And, as you can see, the grooves got a lot of gramophone play back in the day.  Yet, for all that, this thrift store find sounds pretty darn good.  That'll happen sometimes.  The solo tenor lead still rings out 112 years later.  Well worth the buck or two I paid.

The rest of these are in less dire shape--in fact, the two 1907 addresses by Salvation Army founder General William Booth are practically mint, though the dubs themselves are filled with lots of rumble and turntable noise (maybe they were badly transferred from cylinders?).  I left all the lower frequency muck in there for authenticity's sake.  (Eliminating the noise only made Booth's addresses harder to make out.)  At the end of Through Jordan, it may sound like Booth is saying, "Fire abolished!" but he's actually saying "Fire a volley!"  Which means, "Everyone say 'Amen.'"  Or so I read online.

Elsewhere, the conditions range from decent to highly decent, with Mark Love's two sides (who was this great singer?) awesome in both the engineering and singing department.  I could only find two Mark Love sides at the invaluable Online Discographical Project, so maybe that's all he ever did.  A darned shame, if so.

The rest are quartets (including a German "Quartett"), choirs (including "A Church Choir"--the actual name on the label), and, possibly, a trio (Don't You Hear Jerusalem Moan).  Hard to tell on Jerusalem, since the singing's a tad ragged.  Which is exactly how 1926 hillbilly gospel should sound.  Great side.

Nearer My God to Thee, by the way, is not the tune familiar to U.S. ears.  Haven't researched it yet.

CLICK HERE TO HEAR: Sunday morning 78s, delayed

Blessed Assurance--Mark Love, 1925.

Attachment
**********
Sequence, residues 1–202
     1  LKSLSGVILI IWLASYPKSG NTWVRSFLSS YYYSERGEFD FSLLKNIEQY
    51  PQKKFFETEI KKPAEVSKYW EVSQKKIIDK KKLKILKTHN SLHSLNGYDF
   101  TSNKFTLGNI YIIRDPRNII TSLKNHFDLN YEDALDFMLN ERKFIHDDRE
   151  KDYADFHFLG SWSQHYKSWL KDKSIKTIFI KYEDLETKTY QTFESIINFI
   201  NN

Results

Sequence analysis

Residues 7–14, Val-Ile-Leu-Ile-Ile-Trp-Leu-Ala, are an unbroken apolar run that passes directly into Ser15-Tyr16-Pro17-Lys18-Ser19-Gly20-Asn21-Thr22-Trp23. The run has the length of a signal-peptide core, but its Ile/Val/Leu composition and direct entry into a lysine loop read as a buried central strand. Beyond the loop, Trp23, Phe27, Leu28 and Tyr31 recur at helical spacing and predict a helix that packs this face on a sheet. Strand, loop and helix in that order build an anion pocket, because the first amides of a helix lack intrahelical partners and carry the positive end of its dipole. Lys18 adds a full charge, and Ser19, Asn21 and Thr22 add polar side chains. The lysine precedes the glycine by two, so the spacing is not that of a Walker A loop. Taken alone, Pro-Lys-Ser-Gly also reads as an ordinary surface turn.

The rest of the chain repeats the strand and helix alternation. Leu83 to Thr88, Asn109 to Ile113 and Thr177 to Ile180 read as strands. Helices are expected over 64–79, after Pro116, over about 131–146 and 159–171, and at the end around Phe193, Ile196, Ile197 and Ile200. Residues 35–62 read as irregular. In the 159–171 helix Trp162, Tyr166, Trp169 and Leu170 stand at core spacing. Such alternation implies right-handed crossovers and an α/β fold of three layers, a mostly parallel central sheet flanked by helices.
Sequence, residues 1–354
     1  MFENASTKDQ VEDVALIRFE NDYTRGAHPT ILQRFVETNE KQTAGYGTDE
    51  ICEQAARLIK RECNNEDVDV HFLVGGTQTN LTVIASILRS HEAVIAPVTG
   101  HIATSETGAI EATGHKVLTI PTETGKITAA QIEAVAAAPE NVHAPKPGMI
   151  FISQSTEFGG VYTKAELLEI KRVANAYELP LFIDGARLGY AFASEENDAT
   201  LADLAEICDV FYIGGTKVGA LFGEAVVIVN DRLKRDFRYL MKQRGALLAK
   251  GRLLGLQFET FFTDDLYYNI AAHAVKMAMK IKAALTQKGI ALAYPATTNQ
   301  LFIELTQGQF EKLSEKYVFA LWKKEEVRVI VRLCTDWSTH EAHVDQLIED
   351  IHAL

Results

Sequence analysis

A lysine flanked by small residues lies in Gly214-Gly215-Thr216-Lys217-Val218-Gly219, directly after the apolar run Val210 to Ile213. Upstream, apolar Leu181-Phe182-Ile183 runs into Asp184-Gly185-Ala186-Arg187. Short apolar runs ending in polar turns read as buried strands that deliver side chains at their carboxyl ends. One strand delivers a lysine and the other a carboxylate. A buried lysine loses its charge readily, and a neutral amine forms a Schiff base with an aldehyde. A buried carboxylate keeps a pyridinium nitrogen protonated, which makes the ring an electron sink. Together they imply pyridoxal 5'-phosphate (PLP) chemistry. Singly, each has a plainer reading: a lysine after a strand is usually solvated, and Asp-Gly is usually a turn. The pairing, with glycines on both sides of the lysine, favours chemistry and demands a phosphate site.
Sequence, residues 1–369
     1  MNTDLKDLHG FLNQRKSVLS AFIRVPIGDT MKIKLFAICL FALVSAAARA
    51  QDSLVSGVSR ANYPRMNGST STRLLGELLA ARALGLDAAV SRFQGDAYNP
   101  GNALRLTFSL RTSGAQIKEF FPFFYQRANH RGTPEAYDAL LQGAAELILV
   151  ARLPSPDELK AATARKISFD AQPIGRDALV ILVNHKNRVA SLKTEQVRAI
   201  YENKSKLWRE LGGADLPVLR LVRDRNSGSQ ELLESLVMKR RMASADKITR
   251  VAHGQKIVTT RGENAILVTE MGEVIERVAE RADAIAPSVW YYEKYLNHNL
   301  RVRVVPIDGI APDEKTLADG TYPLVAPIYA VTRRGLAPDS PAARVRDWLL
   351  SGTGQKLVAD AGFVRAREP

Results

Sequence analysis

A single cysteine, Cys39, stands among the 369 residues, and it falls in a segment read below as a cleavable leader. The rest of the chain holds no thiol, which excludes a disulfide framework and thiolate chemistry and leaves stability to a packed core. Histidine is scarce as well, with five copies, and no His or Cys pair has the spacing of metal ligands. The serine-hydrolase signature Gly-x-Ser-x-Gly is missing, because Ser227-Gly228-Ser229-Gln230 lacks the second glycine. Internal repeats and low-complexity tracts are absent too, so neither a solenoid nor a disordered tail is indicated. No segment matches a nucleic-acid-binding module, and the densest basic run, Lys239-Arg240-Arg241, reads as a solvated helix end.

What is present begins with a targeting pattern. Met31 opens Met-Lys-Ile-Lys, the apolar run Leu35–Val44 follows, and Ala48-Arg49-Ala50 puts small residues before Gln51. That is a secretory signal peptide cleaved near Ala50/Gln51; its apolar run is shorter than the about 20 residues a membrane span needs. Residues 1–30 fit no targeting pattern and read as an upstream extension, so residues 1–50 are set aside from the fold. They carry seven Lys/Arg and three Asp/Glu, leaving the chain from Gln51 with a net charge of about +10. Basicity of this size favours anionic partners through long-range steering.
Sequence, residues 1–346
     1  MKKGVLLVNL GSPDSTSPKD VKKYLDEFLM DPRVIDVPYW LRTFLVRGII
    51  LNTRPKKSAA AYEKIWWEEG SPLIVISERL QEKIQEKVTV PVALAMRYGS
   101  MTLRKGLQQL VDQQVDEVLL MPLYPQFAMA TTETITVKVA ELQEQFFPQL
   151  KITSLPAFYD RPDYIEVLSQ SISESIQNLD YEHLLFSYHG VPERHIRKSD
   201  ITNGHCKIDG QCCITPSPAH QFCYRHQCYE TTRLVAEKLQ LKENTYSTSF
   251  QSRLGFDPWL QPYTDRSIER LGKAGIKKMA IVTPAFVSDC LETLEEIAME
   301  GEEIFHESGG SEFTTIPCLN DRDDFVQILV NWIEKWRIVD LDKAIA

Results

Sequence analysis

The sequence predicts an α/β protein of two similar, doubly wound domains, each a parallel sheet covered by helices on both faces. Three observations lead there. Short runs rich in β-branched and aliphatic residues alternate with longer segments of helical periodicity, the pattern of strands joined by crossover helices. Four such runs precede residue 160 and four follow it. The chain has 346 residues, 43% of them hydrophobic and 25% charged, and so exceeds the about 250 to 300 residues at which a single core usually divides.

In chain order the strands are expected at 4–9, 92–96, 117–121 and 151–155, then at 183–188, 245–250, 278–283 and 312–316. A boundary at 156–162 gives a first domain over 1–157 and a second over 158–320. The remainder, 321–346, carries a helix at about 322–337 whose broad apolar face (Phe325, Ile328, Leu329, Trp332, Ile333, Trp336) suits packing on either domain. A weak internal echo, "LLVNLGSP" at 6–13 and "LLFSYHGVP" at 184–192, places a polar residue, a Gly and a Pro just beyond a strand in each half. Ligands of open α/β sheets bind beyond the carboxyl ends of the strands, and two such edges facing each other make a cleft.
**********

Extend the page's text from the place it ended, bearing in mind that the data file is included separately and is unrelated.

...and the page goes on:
Ring the Bells of Heaven--Same
Ein' Feste Burg Ist Unser Gott--Manhattan Quartett (Year unknown; pre-electric)
Ehre Sei Gott In Der Hohe--Same
Sun of My Soul--A Church Choir, 1926
Abide with Me--Same
The Church's One Foundation--A Church Choir, 1910
Nearer My God to Thee--Same
Wayside Cross--Criterion Quartet, 1921
Some Blessed Day--Same
He Will Set Your Fields on Fire--Smith's Sacred Singers, 1927
I Will Sing of My Redeemer--Same
Through Jordan--General Booth, Founder of the Salvation Army, 1907
Please Sir, Save Me--Same
Hold the Fort (Bliss)--The Chautaugua Preachers' Quartette, 1914
Don't You Hear Jerusalem Moan--Gid Tanner and His Skillet-Lickers w. Riley Puckett, 1926
The Glory Song (O, That Will Be Glory)--Haydn Quartet, 1905

Sunday morning on a Monday evening.  Only at... MY(P)WHAE!


Saturday, March 25, 2017

Kosty speaks! The voice behind the baton.

A treat for us Kosty fans, courtesy of FOTB (friend of the blog) Kevin Tam--a 1955 or 1956 interview with Andre Kostelanetz, in which Andre discusses the inspiration behind the suite (I either didn't know or had forgotten the suite was Kosty's idea), shares some Ferde Grofe details, and, starting with band 6, discusses the other selections on Columbia CL 763.

He had a charming Russian accent--a little thicker than I might have guessed, but of course I had no evidence to go by.  I did, however, watch a Kosty appearance on I've Got a Secret, which is (or at least was) up on YouTube.

The voice behind the baton.  Thanks, Kevin!

Link: Kosty Speaks